Kirk Covington is recognized as one of the most versatile and dynamic Drummers in the world. Covington is also an accomplished vocalist and keyboardist, which keeps him busy in the LA music scene as an eclectic chameleon of talent. His infinite energy and his crowd-pleasing personality and vocal ability are a driving force in the success of the world-renowned jazz fusion group Tribal Tech featuring guitarist Scot Henderson, bassist Gary Willis, and keyboardist Scott Kinsey.

Coming from a musical family in Midland Texas, the youngest of five children, Kirk was encouraged to play drums at age seven by his brother Kyle. By age twelve, Covington was a full time 'garage band junkie'. Encouraged by his grandmother to play piano in his elementary years, Covington opted for sports instead and decided to stick to the drums, leaving the piano behind until his senior year of high school.

At age fifteen, Kirk was borrowing the family truck, and hauling his drum kit to rock 'n' roll and country gigs around the Midland, Texas region.

With little formal training, Covington entered the internationally renowned North Texas State University jazz program. He eventually landed the drum chair in the infamous Two O'clock Lab Band, a position that would also create many musical relationships with now famous players, including a young bassist named Gary Willis.

After college, Covington and Willis continued to work together in Condor, one of the most popular jazz-fusion bands in the region. Condor released an album in 1981 on Inner City Records that spent 4 weeks at #2 on the European Melody Maker Jazz charts. Several notable drummers followed in Covington's footsteps in Condor, including Greg Bissonette and Mike Baker. By this time Kirk had developed a naturally powerful and very soulful vocal style that, combined with his ever growing skills as a drummer and keyboardist, quickly made him one of the most sought after players in the Dallas area. Being a vocalist, keyboardist, songwriter, and drummer also led to several national promotional spots, writing and performing corporate jingles and radio and TV spots.

Encouraged by the success that bassist Gary Willis and other North Texas musical associates found in relocation to Los Angeles, Covington decided it was time to pack up his family and make the big move.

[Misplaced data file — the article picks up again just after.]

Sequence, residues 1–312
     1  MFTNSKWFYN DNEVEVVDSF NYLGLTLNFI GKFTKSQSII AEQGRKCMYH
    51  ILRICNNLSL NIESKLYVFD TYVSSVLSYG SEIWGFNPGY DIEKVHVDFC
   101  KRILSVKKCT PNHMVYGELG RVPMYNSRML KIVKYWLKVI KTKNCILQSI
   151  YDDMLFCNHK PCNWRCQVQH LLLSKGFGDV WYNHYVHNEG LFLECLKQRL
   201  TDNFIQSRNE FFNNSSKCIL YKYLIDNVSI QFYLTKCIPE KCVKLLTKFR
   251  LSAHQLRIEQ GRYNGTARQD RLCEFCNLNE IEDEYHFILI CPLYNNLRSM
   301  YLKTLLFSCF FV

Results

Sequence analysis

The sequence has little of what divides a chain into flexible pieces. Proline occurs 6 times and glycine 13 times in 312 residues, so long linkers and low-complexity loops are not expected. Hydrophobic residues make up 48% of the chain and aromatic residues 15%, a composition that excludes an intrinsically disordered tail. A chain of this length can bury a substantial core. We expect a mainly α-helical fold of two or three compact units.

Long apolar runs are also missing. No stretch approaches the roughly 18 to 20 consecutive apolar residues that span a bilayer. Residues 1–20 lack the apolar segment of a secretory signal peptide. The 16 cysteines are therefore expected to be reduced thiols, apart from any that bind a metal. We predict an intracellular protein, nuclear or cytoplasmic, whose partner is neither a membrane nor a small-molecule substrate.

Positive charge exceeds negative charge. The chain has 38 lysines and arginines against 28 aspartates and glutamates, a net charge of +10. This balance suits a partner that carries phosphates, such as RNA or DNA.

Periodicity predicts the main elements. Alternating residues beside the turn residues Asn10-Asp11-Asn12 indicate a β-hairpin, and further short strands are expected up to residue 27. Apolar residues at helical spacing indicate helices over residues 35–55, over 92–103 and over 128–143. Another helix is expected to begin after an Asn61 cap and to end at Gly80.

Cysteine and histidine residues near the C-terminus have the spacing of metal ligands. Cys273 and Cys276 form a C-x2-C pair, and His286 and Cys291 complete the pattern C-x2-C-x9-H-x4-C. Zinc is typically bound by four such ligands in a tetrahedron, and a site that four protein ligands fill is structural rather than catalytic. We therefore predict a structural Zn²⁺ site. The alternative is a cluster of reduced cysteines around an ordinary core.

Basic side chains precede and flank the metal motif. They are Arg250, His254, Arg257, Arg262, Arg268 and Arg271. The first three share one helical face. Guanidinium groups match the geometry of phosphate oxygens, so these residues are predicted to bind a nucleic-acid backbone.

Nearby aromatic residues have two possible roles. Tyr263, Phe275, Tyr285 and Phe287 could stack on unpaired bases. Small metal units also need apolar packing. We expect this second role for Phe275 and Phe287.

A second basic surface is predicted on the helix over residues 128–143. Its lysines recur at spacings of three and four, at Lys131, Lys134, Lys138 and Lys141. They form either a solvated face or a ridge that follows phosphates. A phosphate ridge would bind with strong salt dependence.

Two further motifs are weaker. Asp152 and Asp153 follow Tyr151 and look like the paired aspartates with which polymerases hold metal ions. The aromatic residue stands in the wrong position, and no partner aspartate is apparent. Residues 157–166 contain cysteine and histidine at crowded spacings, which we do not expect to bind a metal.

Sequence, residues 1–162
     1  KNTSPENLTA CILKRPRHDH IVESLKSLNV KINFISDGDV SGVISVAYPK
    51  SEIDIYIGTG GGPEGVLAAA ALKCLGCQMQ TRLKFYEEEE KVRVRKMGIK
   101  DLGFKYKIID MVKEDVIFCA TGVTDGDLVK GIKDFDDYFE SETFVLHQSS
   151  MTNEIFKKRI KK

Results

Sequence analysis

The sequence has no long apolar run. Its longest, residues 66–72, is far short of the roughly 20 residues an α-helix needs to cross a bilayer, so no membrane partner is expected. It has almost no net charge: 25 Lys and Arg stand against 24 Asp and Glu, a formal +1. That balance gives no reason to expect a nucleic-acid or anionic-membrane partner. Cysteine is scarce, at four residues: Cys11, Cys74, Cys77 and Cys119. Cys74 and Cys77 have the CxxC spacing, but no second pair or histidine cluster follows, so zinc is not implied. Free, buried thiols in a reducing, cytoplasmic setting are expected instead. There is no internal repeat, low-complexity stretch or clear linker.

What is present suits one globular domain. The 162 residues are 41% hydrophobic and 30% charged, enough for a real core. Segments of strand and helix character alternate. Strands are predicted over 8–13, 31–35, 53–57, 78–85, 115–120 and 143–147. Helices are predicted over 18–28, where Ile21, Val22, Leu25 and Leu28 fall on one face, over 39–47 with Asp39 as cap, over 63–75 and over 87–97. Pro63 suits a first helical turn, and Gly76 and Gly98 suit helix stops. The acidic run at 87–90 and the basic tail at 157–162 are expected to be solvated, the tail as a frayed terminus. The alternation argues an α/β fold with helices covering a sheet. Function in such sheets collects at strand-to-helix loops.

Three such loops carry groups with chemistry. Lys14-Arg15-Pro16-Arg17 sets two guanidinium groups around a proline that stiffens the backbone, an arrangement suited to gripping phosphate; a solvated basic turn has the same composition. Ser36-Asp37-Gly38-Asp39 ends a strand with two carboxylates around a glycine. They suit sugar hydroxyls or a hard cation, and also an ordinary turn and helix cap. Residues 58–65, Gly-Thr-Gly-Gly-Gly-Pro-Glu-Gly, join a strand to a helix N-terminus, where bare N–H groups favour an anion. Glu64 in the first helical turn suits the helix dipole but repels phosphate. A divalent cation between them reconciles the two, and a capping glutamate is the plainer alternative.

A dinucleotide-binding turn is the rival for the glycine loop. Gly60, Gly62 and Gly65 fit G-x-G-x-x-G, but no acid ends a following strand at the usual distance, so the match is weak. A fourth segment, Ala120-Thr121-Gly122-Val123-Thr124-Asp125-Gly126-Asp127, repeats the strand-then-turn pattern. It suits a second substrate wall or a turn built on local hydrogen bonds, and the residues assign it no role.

In the spring of 1991, the jazz fusion band Tribal Tech (a group that bassist Gary Willis and guitarist Scott Henderson had put together through their working relationships with such artists as Chick Corea, Joe Zawinul, Wayne Shorter, and as instructors at Hollywood's now famous Musicians Institute), began a search for a new drummer. They needed a player whose technique was as flawless as their own; a visionary player who could help carry Tribal Tech into the next decade. The search ended with Willis' old Texas buddy Covington.

Covington's success in Tribal Tech, propelled him into the spotlight as the animated backbone of "Tribal" shows worldwide. His inventive drumming was captured on the last three "Tribal" releases on Mesa/Bluemoon Records, Illicit ('92), Face First ('93), and Reality Check ('95). A new Tribal Tech release is scheduled for early '98 with a tour to follow.
Guitarist Scott Henderson also recruited Covington onto his solo recording efforts. Henderson's Dog Party CD, released in '94, featured Covington on drums and also unleashed Kirk's vocal talents on seven tunes. Dog Party is Henderson's most successful recording to date, and was voted Best Blues Record of the Year by Guitar Player Magazine (Jan '95 issue) receiving more votes than B. B. King's Blues Summit (#2) and Eric Clapton's From The Cradle (#3). Covington can be heard locking down the groove on Henderson's most recent burning blues release Tore Down House on Mesa/Bluemoon released in April '97.